Who knew the broom David Miller famously held aloft in 2003 as a symbol of his mayoral mission, would be made not of sturdy wood but of something much more pliable.
It's an issue that urgently needs addressing, given the mayor's shocking flip-flop June 20 in which he defended support-our-troops decals on emergency vehicles only 24 hours after urging their removal in September.
If Miller can crack so publicly on a symbolic issue like this, what kind of stuff does he bend to in the back rooms?
Why is it that right-wing pols can stick to their unpopular decisions while lefties waver and wobble? Sorry to ask you to do this, but think of Mike Harris, Stephen Harper, George W. Bush, hell, even Mel Lastman with that fire in his belly.
Flawed as their moves were and are, this breed doesn't cave when the going gets rough. Yet Miller is showing evidence of that troubling affliction of left-wingers who doubt their own mandate and become mortally afraid of the heat from power brokers lined up against them.
Sort of like NDP preem Bob Rae, who blinked on long-promised public auto insurance when the industry started to roar.
For a day, the mayor's position was laudable. He admitted to the media that to some the yellow ribbons "are a symbol of support for the war in Afghanistan" and that Emergency Services officials have "received calls from people concerned about the city expressing an opinion on the war."
Then three Canuck soldiers were killed in the Panjwaii Valley near Kandahar, and all bets were off. Which prompts the question, when they first decided to remove the stickers, did Miller and city council think there would be no more deaths in Afghanistan?
But bad timing wasn't the only reason for the mayor's switch-over. Besides the indignation of local right-wingers eager to throw patriotic darts at Miller, there was also the storm of protest from The Rest Of Canada talk radio and editorial pages from Red Deer to Corner Brook.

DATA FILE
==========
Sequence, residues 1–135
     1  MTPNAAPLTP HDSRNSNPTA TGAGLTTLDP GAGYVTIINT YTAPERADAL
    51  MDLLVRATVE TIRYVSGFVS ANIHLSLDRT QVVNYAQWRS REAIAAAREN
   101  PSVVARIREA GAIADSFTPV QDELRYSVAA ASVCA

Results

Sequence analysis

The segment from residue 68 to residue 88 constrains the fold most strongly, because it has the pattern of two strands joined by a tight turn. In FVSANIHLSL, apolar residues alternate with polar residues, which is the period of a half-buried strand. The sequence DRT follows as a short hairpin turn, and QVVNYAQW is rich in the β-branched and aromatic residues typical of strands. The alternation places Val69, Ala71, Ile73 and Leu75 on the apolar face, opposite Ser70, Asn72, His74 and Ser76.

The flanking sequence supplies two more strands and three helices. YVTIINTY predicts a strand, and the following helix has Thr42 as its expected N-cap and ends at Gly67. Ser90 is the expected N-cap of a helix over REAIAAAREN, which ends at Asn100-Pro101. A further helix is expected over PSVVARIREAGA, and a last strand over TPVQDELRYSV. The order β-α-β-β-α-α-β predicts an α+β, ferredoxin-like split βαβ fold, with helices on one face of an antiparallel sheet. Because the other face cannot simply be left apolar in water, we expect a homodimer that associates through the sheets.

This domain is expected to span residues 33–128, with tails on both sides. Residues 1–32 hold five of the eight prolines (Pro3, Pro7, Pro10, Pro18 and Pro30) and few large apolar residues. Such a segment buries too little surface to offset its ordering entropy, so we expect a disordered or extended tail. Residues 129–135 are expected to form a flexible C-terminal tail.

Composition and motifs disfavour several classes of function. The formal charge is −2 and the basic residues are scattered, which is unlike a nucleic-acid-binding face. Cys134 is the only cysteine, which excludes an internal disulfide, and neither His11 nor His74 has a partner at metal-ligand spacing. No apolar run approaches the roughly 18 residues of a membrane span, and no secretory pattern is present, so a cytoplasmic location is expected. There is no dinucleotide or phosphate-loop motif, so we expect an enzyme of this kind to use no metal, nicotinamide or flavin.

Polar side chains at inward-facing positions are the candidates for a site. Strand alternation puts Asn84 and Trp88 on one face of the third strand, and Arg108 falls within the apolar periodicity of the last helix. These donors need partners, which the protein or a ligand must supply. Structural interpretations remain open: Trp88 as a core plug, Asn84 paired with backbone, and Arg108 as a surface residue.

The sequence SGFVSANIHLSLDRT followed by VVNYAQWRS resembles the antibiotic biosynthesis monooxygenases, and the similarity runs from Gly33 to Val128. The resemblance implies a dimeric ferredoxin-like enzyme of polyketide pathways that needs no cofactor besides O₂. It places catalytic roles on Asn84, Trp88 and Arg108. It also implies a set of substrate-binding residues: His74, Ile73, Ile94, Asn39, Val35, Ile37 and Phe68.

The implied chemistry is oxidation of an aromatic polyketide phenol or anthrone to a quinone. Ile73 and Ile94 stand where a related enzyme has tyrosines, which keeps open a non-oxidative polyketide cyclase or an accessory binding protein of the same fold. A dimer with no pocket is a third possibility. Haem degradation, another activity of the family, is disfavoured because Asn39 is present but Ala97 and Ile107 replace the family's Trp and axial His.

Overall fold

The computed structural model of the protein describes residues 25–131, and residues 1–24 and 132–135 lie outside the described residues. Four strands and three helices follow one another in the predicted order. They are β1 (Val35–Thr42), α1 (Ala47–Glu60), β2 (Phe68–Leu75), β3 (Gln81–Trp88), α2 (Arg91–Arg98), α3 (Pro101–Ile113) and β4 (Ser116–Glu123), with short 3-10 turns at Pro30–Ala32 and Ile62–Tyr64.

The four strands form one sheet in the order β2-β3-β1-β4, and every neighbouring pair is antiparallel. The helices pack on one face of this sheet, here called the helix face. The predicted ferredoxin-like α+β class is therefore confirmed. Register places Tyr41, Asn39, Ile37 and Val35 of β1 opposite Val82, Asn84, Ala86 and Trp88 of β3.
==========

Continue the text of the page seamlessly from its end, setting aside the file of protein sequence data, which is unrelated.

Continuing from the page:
Miller opted for the most expedient way out. Too bad. If he'd stood his ground, most Torontonians and a majority of Canadians would have proudly stood with him.
As it is, he's shown his constituency on the left that he's not only a wimp, but that he holds them in less than high regard. And those on the right are snickering behind his back.
If local citizens need a way to express not only their growing opposition to the government's handling of the mission (we still can't bring ourselves to call it a war) but also the sense of shared grief whenever a Canadian soldier dies, plastering ambulances and fire trucks with a slogan as loaded as this one isn't the way to do it.
It doesn't even come close to what we need as a symbol of our collective consideration on this issue. And what a shame it all ended this way, because Miller, more than any other pol, is skilled at expressing this kind of nuanced attitude.
As for The Rest Of Canada and its hate-on for Toronto, he could have reminded them in this season of fiscal whining that while it's true Torontonians aren't such a rah-rah group when it comes to foreign military campaigns, the tax dollars used to support our troops come disproportionately from the people who live in this burg.
So even though we don't have the kind of personal relationship with men and women in the Canadian Forces that other regions do, we, too, are doing our part.
Bottom line: we needed our mayor to turn to his hawkish critics and say, "Thank you very much for your comments.
Now kindly piss off."